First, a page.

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Terrorism on American soil is not new. Nor are crimes of hate. Since at least the 19th century, politically motivated citizens have used violence to kill for a purpose. What makes the horrible massacre in Orlando stand out is its connection to a more recent phenomenon: the murder of large numbers by a single attacker.

Even though gun ownership has always been widespread in American society, premeditated murder of innocent mass crowds has only become common during the past 20 or so years.

Shooters such as Omar Mateen are not connected to movements that hope to improve society, but instead desire to bring the whole edifice of civil society crumbling down around their anger. That is why they target schools, churches, clubs and other public spaces. That is why they pledge allegiance to foreign groups like ISIS. The problem is much deeper than anything we might simply label “Islamic radicalism.”

So why now? Our racial, ethnic and religious diversity are not new; we have always been a country of immigrants. Attitudes of hate and prejudice are not new; our country’s horrible history of lynching and vigilantism shows that powerful groups have frequently attacked the vulnerable in the past. What is new is an explosive mix of cultural, political and technological changes.

Our public culture today valorizes individual combat and gratuitous violence. This is not just a problem with the entertainment industry, but our leadership as well. Presidential candidates, governors, chief executgives and even some university presidents strut and brag about “shock and awe,” “annihilating evil,” and “carpet bombing,” among other phrases. And this is not just rhetoric. Winner-take-all combat is acted out in our sports, our businesses, and our policymaking every day. Our 21st century public culture glorifies individualist destruction, and Omar Mateen’s bombastic selfies manifest this phenomenon.

Since 2000, our national and foreign politics have replaced conversation with violence. We have legitimately deployed force against terrorists abroad, including ISIS, but we have refused to engage in a thoughtful public discussion about the social and economic reasons people are drawn to these groups. We have divided the world and ourselves – “you are with us or against us” – and we have justified extremism of our own because the adversaries are so “evil.”

The policy effects have come home when presidential candidates brag about shutting down the government, insult our leaders and defend physical attacks on domestic opponents. Our politics are tribal, and in a war of tribes, ISIS has leverage to recruit and inspire those who have no other group to call their own.

Technology is not the cause of our cultural and political violence, but it multiplies our hatreds. The paradox of the internet and social media is that they are global and provincial at the same time. We can communicate simultaneously with counterparts far away. They can see so much more. Instead of cosmopolitanism, however, these connections encourage balkanization. Individuals stop talking to their neighbors, classmates and co-workers, and instead communicate with people who think like them on other continents.

This creates tribal echo chambers where distortion and extremism become unfiltered “facts” and personal motivators. The worst and simplest ideas get reinforced. Sophisticated and complex understandings of society, which require multiple points of view, are lost. Terrorists such as Mateen are brain-washed not just by ISIS, but by our tribal world of communications.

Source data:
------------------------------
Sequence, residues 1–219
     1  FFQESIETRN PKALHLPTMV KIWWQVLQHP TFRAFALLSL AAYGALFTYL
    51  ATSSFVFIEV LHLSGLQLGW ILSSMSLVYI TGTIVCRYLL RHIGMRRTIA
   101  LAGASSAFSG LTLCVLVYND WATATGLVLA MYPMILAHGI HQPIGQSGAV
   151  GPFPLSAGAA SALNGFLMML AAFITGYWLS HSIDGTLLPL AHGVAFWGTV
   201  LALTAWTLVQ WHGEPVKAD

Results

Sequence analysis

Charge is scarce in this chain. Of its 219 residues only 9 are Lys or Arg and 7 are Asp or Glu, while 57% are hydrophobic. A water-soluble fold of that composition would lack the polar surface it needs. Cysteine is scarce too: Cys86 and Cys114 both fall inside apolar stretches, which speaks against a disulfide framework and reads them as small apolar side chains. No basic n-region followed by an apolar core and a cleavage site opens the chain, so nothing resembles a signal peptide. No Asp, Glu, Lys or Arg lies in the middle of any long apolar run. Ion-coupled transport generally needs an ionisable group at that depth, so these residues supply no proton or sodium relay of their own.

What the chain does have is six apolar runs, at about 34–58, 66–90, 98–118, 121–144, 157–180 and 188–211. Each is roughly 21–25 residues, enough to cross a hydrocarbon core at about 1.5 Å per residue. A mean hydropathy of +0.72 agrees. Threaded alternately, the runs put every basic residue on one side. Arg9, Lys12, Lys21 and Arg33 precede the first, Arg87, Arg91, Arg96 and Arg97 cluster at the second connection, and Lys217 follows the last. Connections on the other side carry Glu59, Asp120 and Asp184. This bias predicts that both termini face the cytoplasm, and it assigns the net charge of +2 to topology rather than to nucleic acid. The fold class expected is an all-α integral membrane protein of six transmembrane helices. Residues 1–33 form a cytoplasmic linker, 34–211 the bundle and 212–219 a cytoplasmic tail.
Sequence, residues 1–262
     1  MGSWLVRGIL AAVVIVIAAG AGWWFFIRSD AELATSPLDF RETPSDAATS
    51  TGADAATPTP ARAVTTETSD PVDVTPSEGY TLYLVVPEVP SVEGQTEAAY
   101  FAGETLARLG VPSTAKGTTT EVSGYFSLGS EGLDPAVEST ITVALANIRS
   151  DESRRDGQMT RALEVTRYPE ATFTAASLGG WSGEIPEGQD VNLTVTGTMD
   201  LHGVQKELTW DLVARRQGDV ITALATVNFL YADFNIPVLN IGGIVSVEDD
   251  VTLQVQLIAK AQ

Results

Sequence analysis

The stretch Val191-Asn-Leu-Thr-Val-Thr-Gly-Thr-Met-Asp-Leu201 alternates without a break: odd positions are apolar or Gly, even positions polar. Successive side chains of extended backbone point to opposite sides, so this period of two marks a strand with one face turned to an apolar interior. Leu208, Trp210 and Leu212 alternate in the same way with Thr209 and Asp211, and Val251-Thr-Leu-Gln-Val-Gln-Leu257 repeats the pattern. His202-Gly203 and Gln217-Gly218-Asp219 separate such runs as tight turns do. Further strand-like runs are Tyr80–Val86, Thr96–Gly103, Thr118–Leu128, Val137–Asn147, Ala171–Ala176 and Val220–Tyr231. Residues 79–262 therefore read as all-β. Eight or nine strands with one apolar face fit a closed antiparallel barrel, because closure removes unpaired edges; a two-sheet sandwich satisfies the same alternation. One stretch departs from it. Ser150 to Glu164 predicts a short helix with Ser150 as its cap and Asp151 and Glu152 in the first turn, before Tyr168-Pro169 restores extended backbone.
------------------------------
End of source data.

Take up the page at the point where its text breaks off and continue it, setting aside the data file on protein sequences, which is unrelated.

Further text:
So what should we do? Blaming ISIS does not get at the root of the problem. Targeting Muslims diverts attention and creates more terrorists.

The time has come for leaders at all levels of our society to begin working toward rebuilding a civic culture that values conversation, compromise and diverse communications. That must be a priority that every one of our leaders affirms. Our leaders must begin by looking closely at themselves and asking how they can model what is not being modeled almost anywhere today. We need a culture of peacemaking, not violence. We need politics of inclusion, not attack. And a civic dialogue with multiple points of view in direct conversation. At the very least, the painful events in Orlando should motivate us to reject any advocates of violence, hate and tribalism in our country today.

This article originally appeared in the Dallas Morning News, the Austin Statesman, and the Waco Tribune on 13 June 2016; The Monitor on 14 June 2016; the Philadelphia Inquirer on 15 June 2016; the Houston Chronicle on 21 June 2016; and other newspapers around the United States.

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About Jeremi Suri
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Jeremi Suri holds the Mack Brown Distinguished Chair for Leadership in Global Affairs at the University of Texas at Austin. He is a professor in the University's Department of History and the Lyndon B. Johnson School of Public Affairs. Professor Suri is the author and editor of nine books on contemporary politics and foreign policy. Professor Suri's research and teaching have received numerous prizes. In 2007 Smithsonian Magazine named him one of America's "Top Young Innovators" in the Arts and Sciences. His writings appear widely in blogs and print media. Professor Suri is also a frequent public lecturer and guest on radio and television programs.

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